Students from the Baltimore Leadership School for Young Women celebrate the premiere of the documentary, “STEP.” (Photo courtesy of The Baltimore Leadership School for Young Women)
Kevin Cournoyer, left, and Cielo Cournoyer, both teachers at The Baltimore Leadership School for Young Women, attended the premiere of the documentary, “STEP.” (Photo courtesy of The Baltimore Leadership School for Young Women)
Ken Jones, left, a retired executive with Northrop Grumman, and Linda Jones, the managing partner at Gallagher Evelius & Jones LLP and chair of the BLSYW Board of Directors, were on hand for the premiere of the documentary, “STEP.” (Photo courtesy of The Baltimore Leadership School for Young Women)
Chuck Tildon, left, the vice president of strategic partnerships and government relations at United Way of Central Maryland, and Stacey Ullrich, the head of global philanthropy at Under Armour, take time for a photo during the “STEP” premiere at the Stavros Niarchos Foundation Parkway Theatre. (Photo courtesy of The Baltimore Leadership School for Young Women)
From left, Dorie Fain, founder and CEO of &Wealth and a columnist for The Daily Record; Lisa Vogel, the president of the Lisa Vogel Agency; Dara Schapiro Schnee, director of major gifts at Kennedy Krieger Institute; and Lisa Dixon, special assistant to the president/special events director, attended the premiere of the documentary, “STEP.” (Photo courtesy of The Baltimore Leadership School for Young Women)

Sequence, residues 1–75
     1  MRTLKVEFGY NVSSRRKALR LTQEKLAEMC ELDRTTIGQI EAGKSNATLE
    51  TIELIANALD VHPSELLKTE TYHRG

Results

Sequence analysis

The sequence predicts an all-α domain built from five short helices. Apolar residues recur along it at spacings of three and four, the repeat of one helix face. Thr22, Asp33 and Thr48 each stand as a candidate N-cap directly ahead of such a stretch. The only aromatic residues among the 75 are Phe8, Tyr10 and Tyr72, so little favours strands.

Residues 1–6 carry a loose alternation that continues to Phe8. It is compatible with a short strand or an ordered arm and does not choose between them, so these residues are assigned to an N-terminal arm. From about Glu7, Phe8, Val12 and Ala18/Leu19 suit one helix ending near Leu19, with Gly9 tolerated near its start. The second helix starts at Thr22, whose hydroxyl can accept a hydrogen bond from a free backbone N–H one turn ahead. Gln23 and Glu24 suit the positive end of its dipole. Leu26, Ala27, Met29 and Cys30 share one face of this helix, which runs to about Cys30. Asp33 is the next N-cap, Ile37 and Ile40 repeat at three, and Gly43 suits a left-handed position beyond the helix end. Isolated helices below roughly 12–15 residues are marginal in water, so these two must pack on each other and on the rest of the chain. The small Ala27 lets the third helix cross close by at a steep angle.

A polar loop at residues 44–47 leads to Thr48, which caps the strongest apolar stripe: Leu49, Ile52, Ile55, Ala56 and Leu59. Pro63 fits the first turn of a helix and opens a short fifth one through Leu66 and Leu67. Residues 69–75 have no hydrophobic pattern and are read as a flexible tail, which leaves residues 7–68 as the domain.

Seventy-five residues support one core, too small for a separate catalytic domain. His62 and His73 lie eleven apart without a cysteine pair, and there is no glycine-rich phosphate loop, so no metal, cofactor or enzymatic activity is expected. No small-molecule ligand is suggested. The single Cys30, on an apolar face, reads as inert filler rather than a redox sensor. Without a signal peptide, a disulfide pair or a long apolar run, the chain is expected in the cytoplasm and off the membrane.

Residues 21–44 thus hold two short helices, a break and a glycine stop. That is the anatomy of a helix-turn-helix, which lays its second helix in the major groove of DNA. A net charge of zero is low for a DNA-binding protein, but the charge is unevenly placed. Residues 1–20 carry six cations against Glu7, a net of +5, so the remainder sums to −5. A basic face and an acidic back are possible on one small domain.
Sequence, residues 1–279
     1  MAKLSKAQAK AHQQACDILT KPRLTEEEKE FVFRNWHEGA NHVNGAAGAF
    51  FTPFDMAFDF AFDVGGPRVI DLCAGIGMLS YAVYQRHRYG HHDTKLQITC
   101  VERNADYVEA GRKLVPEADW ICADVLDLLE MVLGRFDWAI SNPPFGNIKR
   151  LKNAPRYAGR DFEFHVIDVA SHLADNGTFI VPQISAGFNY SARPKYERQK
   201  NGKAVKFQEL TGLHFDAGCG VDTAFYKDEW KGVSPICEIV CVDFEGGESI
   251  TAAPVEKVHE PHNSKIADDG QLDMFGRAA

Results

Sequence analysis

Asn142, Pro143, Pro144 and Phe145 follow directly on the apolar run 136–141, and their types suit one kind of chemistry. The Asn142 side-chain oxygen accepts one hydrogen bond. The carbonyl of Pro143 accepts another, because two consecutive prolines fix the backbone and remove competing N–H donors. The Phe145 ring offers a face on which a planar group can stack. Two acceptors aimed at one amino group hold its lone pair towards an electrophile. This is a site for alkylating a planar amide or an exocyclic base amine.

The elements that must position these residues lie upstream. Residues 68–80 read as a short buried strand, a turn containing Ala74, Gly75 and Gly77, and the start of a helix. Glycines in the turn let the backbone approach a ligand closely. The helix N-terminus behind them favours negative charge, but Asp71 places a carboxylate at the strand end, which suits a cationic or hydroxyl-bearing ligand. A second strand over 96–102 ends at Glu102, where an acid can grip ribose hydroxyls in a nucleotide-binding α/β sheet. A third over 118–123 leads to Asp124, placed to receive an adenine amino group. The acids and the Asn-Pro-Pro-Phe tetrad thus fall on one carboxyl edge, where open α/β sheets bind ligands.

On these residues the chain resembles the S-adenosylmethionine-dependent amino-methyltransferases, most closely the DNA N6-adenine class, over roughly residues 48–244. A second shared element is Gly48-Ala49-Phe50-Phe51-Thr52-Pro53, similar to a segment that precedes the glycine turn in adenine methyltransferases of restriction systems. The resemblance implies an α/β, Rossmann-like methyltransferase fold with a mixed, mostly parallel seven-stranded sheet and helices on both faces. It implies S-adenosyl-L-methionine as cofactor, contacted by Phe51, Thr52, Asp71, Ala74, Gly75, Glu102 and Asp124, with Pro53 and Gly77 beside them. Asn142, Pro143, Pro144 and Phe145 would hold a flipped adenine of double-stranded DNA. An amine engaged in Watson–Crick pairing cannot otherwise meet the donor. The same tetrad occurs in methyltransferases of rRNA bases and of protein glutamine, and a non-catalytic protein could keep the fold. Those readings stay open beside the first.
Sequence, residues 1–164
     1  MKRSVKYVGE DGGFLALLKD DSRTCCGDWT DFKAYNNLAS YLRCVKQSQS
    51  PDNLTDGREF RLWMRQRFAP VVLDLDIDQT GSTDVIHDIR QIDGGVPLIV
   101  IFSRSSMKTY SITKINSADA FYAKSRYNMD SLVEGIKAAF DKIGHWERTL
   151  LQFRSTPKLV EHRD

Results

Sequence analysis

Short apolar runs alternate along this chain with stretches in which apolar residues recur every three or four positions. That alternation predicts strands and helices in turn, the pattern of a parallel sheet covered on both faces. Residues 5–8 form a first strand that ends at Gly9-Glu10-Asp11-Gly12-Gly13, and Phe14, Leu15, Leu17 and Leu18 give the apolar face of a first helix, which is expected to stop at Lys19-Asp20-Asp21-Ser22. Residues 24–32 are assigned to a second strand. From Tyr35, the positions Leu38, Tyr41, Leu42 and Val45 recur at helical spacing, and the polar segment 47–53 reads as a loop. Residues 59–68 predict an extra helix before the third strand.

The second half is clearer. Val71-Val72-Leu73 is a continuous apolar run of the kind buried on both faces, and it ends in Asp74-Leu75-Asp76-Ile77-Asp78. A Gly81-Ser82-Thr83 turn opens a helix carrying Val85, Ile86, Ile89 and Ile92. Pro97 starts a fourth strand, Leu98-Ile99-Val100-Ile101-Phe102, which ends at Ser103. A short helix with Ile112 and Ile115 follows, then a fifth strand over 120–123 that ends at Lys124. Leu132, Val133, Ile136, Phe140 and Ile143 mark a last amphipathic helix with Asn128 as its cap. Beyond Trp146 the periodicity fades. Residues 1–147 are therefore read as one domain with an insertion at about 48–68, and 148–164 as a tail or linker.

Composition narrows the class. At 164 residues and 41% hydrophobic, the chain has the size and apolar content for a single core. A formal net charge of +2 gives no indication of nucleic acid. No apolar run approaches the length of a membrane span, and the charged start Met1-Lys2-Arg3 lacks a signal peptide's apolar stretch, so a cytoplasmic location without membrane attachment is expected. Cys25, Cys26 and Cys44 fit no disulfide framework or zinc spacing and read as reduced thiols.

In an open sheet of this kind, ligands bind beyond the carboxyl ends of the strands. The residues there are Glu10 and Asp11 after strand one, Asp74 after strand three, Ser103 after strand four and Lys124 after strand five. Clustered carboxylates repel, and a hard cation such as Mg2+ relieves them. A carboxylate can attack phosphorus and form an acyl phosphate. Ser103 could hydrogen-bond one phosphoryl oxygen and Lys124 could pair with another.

From left, Mathias Miller; Dennis Miller, vice president of development at Wexford Science & Technology; Maria Miller, vice president of development at The Shelter Group; and Arnold Richman, chairman of The Shelter Group, enjoy their time during the “STEP” premiere at the Stavros Niarchos Foundation Parkway Theatre. (Photo courtesy of The Baltimore Leadership School for Young Women)